Street Art, Key West, Florida Keys

Street art of a giant cephalopod's tentacles lifting a sail boat
A pink and turquoise kraken seizes a sailing boat

Kraken are giant, predatory sea creatures from the North, something like an octopus or squid. This one has, not unusually for its sort, seized hold of a passing sail boat and now has the terrified mariners at its mercy (unless, as we cannot see any onboard, they were all partying onshore when the kraken sneaked into the harbour). It’s a detail from a painting on a hotel car park wall we stopped to admire.

Strictly speaking, the second is fence art. It’s a detail too, of a large design featuring birds, animals and vegetation that runs around the back patio of a restaurant in Key West. It’s worth reading this one upwards, so you get used to each level of the story before taking the next leap.

Pink flamingos, one with a crown, painted on a fence
Pink flamingos painted on a fence

First, leafy foliage with two pink flamingos. So far so good. They wear a decorative form of eye makeup.  One is wearing a coronation crown that Queen Elizabeth II would not be ashamed of (it looks lighter than her own). The artist has added a scroll and swirl design to add movement and break up the background. A space craft is leaving the scene to fly off into a universe of stars.

Blue parrot and its shadow seen through an arch | Key West street art
Trompe l’oeil street art with blue parrot

Sea, sky, sand, shadow, marble, tile and parrot, the whole designed to trick our eye into accepting this as real. Some textural wear and tear adds its own layer of reality.

Painting of a lady with a cane walking towards the beach
Painted chairs and an atmospheric painting decorate a porch in Key West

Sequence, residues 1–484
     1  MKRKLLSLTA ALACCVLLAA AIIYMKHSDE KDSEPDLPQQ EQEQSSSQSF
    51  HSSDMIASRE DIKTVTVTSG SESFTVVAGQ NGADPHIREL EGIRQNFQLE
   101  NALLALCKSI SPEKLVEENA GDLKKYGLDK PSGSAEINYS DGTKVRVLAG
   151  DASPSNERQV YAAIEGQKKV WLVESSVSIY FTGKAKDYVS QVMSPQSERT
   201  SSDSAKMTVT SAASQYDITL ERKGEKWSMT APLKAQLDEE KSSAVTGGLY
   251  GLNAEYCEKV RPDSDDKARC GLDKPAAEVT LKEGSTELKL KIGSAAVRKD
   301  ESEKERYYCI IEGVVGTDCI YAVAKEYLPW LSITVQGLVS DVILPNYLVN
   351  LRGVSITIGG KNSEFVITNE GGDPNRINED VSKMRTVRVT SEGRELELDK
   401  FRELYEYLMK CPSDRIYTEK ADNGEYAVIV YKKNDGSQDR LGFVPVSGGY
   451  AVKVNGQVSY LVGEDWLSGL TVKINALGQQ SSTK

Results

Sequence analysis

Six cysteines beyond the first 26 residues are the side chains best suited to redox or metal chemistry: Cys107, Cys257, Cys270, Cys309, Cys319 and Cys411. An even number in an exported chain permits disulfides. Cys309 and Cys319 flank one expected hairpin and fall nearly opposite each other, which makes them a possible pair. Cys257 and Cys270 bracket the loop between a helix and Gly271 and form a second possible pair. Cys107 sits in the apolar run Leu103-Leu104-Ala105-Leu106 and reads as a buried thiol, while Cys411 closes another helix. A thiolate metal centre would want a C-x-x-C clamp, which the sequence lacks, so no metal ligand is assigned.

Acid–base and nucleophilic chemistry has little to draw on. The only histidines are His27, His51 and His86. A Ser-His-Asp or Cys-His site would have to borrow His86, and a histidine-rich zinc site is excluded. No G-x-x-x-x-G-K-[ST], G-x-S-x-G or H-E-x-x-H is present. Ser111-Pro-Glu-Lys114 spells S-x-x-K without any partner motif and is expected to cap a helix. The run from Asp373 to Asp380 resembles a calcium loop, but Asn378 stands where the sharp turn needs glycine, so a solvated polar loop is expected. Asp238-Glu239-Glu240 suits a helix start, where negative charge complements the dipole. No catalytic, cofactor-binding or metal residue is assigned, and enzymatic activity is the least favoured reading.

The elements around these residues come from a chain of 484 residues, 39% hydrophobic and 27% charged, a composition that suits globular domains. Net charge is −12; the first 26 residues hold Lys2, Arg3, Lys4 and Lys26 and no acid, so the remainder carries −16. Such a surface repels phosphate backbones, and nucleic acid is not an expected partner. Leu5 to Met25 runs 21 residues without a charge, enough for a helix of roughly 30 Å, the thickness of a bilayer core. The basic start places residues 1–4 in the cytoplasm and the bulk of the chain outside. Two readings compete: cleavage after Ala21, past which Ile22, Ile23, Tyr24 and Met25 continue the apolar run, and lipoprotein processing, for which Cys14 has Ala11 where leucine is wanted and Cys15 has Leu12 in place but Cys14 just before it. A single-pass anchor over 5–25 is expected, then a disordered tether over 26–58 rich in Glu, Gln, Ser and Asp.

My favourite vignette from Key West is more art in the street than street art, but I’ve added it to give a flavour of the place. It’s rare to see a framed painting hung outdoors where I’m from.

All of this is so beautifully done. The painted wooden chair backs in the foreground echo the colours of the painting’s frame and carry some of the same imagery from the picture, in a contrasting style. The patio’s turquoise shutters and pink bannister reflect the colours of the house in the painting.

The painting shows a lady with a basket and cane walking down a path to the beach between white picket fences; palm trees lean overhead and flowers and foliage escape from the gardens on either side. I don’t know her history, but the artist has showed me her grace in the drift of her skirt. The edge of the painting forms a frame within a frame, having a wonderful patina that gives an impression of age.

I take a little extra pleasure in the way the angle of the photograph, helped out by the colour and the wood’s texture, looks at a glance to be of one large, decorative chair, forcing the mind to slow down, re-assess and pay attention to the separate parts and the way they add up. Perhaps that’s just the way my mind works!

Shared for Patti’s Lens Artists Challenge: Street Art.

29 Replies to “Street Art, Key West, Florida Keys”

  1. Interesting: I felt something of the same thing Laurie did. To me, the house looks abandoned and the woman seems focused on the darkening sky. I am also struck by the position of the chairs, which seem to be back-to-back, as though forbidding conversation. The whole of it is marvelously narrative no matter what the interpretation. Ditto the other pieces. What grand imagination exercises! Thanks!

    1. ‘Marvellously narrative’ says it well – one you could look at and interpret for a lifetime. I think the chairs were from different tables – the framing is deceptive.

  2. I love he way the sails were done in the first photo and as for the painting in the last photo, I wouldn’t mind having that to hang somewhere. When I got to the last photo I did think (for an instant at first) I was looking at a painting on the back of a chair.

    1. I’m glad it’s not just me! I’d love to be able to hang it somewhere too. It seems like a piece that some of the painters we, as a society, revere would have liked to own.

  3. There’s something for everybody when it comes to street art, isn’t there, Susan? I especially like the last one 🙂 🙂

    1. It’s as if the painter painted a story for us and though we can’t read it as we could words, we feel it, each according to our experience.

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